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SEVER Stanislav & HORVAT Dubravko

Over the centuries, Croatian forestry has fallen under different forms of regime, ownership and management, ranging from the Ottoman empire to state control under the former Republic of Yugoslavia. Today it is on the road towards a market-oriented structure, having witnessed a number of major changes in the 20th century alone.


Following World War I, Croatia's forests were owned and run by a mixture of entities and individuals: the state (25.6%), private owners (24.3%), frontiersmen (18.7%), communities (13.6%), municipalities and villages (10.9%), institutions and societies (3.1%), banks and corporations (1.9%) and the church (1.8%). Following nationalization in 1922, frontier forests came under state control.

Many of the problems faced by Croatia's forests today have their origin in the post-World War II period under the former Republic of Yugoslavia. After decades of social ownership, frequent reorganization, a division of activities between silviculture and logging, and complex enterprises comprising both forest management and timber industries, forestry felt the negative effects of a centrally-planned economy. Croatian forests paid the price of, for example, an unconvertible currency, controlled information flows, high levels of inflation and high foreign debt — it is estimated that in this period, the permitted level of logging was exceeded by almost 50 million m3, with annual exports of timber standing at approximately 320 000 m3 (80% of the total wood exports of the former Republic Yugoslavia).

Since 1991, Croatia has had to face the decision of whether to follow past practices or restructure the forest economy and introduce market-oriented principles. Many key issues have still not been resolved:

Furthermore, compared to 1990, felling has fallen by about one-third, use of farm tractors with winches has dropped by 40% and skidders by about 30%, and 40% less trucks and trailers are being used to transport timber. During the war, about 3 000 chain saws were either destroyed or stolen, along with about 300 cars and mini-buses used to transport workers, 250 tractors, 200 cranes, 400 machines and other equipment, and 250 ultra-short wave radio sets and other equipment.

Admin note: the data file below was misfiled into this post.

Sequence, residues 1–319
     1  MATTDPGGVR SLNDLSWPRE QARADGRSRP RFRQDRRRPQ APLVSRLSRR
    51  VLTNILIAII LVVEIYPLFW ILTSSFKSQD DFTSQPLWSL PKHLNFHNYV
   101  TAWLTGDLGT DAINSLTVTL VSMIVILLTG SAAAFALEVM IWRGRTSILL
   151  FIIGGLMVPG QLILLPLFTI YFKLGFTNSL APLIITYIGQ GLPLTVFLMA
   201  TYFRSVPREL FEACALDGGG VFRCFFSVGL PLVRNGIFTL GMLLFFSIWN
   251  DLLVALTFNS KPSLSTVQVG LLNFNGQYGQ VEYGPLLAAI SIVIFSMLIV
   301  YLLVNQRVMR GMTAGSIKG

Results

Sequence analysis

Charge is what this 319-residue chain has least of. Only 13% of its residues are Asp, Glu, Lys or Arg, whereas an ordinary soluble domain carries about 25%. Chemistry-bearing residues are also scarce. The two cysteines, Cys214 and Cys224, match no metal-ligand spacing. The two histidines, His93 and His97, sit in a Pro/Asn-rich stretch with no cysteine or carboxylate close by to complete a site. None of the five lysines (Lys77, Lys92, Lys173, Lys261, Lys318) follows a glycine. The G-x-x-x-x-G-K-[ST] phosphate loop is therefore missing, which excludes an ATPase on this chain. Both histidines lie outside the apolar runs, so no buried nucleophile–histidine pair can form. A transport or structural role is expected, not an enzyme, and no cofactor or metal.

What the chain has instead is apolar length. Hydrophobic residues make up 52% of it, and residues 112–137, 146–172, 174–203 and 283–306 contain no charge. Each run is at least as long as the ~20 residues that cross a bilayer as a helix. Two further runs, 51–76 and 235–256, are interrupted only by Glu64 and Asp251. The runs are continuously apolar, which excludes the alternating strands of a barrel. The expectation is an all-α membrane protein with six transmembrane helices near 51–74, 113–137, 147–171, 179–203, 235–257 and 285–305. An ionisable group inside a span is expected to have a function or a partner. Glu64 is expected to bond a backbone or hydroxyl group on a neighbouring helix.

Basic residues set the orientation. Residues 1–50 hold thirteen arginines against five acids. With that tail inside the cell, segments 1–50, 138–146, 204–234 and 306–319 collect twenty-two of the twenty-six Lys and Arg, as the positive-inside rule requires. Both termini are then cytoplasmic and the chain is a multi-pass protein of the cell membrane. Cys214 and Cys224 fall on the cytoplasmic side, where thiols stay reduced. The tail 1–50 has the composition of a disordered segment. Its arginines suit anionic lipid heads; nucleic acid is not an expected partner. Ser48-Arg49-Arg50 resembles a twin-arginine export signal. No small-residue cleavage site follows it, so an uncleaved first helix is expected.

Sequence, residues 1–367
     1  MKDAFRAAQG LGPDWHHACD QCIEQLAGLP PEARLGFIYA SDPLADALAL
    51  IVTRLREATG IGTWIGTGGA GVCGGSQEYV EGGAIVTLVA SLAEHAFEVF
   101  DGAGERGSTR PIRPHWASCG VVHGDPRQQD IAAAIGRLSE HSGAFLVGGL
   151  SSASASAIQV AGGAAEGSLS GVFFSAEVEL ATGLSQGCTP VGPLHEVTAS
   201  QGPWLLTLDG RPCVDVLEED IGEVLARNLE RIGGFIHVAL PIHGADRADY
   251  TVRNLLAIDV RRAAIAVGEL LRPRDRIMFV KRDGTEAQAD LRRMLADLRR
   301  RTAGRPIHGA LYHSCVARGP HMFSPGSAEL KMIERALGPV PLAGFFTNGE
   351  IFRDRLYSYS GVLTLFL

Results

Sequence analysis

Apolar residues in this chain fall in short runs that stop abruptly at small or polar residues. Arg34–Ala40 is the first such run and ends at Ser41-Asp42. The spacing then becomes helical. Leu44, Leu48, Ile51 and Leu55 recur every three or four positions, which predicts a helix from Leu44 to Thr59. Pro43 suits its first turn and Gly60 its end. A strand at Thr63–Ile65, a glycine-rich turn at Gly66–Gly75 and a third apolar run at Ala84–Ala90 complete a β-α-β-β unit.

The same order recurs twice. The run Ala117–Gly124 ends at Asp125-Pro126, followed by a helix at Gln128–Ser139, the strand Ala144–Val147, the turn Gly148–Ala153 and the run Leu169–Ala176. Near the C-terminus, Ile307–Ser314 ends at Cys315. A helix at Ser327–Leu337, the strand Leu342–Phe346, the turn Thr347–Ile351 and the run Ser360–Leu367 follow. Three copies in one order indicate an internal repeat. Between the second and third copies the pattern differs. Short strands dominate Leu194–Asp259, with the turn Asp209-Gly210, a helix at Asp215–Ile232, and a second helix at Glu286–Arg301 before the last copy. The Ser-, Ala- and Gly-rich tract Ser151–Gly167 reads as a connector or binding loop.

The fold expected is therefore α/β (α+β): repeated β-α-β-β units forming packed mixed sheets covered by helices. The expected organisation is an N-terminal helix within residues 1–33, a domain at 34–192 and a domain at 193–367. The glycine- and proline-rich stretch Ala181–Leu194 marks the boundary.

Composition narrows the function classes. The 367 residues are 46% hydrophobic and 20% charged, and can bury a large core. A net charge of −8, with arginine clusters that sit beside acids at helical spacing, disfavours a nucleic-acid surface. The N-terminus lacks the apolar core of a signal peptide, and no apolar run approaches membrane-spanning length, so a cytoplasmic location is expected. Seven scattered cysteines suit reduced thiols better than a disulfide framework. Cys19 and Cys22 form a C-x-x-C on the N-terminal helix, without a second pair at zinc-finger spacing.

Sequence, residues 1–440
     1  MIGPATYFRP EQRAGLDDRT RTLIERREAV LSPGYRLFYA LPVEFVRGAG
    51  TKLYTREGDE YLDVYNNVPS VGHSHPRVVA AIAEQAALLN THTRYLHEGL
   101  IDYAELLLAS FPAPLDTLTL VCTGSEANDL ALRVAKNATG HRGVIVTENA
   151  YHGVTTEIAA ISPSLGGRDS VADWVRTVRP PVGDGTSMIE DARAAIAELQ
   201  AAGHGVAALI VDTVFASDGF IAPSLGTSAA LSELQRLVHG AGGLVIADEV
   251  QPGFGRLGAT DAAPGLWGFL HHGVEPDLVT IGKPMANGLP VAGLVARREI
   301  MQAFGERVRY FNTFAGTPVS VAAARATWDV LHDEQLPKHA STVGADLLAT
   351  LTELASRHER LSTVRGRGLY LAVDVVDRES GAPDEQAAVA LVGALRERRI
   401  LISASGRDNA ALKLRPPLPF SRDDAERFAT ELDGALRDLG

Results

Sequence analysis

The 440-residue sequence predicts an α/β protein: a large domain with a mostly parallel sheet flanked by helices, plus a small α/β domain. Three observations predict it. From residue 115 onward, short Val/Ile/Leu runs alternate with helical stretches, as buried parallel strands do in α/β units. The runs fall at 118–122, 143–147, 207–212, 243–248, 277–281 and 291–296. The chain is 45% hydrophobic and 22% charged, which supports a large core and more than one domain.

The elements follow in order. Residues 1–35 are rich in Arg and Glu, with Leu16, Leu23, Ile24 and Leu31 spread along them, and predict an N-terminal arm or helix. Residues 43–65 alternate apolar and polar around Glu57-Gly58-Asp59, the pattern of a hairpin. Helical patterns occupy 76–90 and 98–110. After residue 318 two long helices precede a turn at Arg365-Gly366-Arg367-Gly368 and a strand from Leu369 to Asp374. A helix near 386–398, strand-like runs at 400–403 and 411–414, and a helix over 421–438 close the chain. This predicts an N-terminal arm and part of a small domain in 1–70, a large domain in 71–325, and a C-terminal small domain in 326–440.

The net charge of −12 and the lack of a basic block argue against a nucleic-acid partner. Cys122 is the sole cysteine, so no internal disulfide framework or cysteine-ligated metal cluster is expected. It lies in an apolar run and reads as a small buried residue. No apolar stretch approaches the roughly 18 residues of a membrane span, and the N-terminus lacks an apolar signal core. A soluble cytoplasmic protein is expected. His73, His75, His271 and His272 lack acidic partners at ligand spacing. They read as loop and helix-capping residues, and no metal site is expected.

In 1991, the ‘Croatian Forests’ public enterprise was created, signaling the start of a new phase of forest management. ‘Croatian Forest’, which is responsible for 80% of the country's forests (see Figure 1 for breakdown of forest ownership in Croatia), has its headquarters in Zagreb, in addition to 16 forest administration units, 171 forest stations, 660 district rangers and 30 work units throughout the country.

Figure 1

Figure 1: Forest land in Croatia according to ownership (1991)

‘Croatian Forests’ is responsible for almost two million hectares of forest, in which growing stock stands at 278.3 million m3, annual increment at 8.1 million m3, annual felling at 4.9 million m3, annual reforestation at 3,300 hectares and annual afforestation at 2,900 hectares.

However, although bringing most of the country's forest area under one centralized organization has potential (for example, under one of the overall objectives of national forestry policy which is sustainable development, the annual felling rate is lower than the rate of annual increment - see Table 1), the share of forestry in Croatia's gross national product (GNP) is only 1.2% and that of the wood industry 2.5%, for a total of 3.7% of GNP. In terms of employment, forestry employs 10,000 workers and the wood industry about 30,000.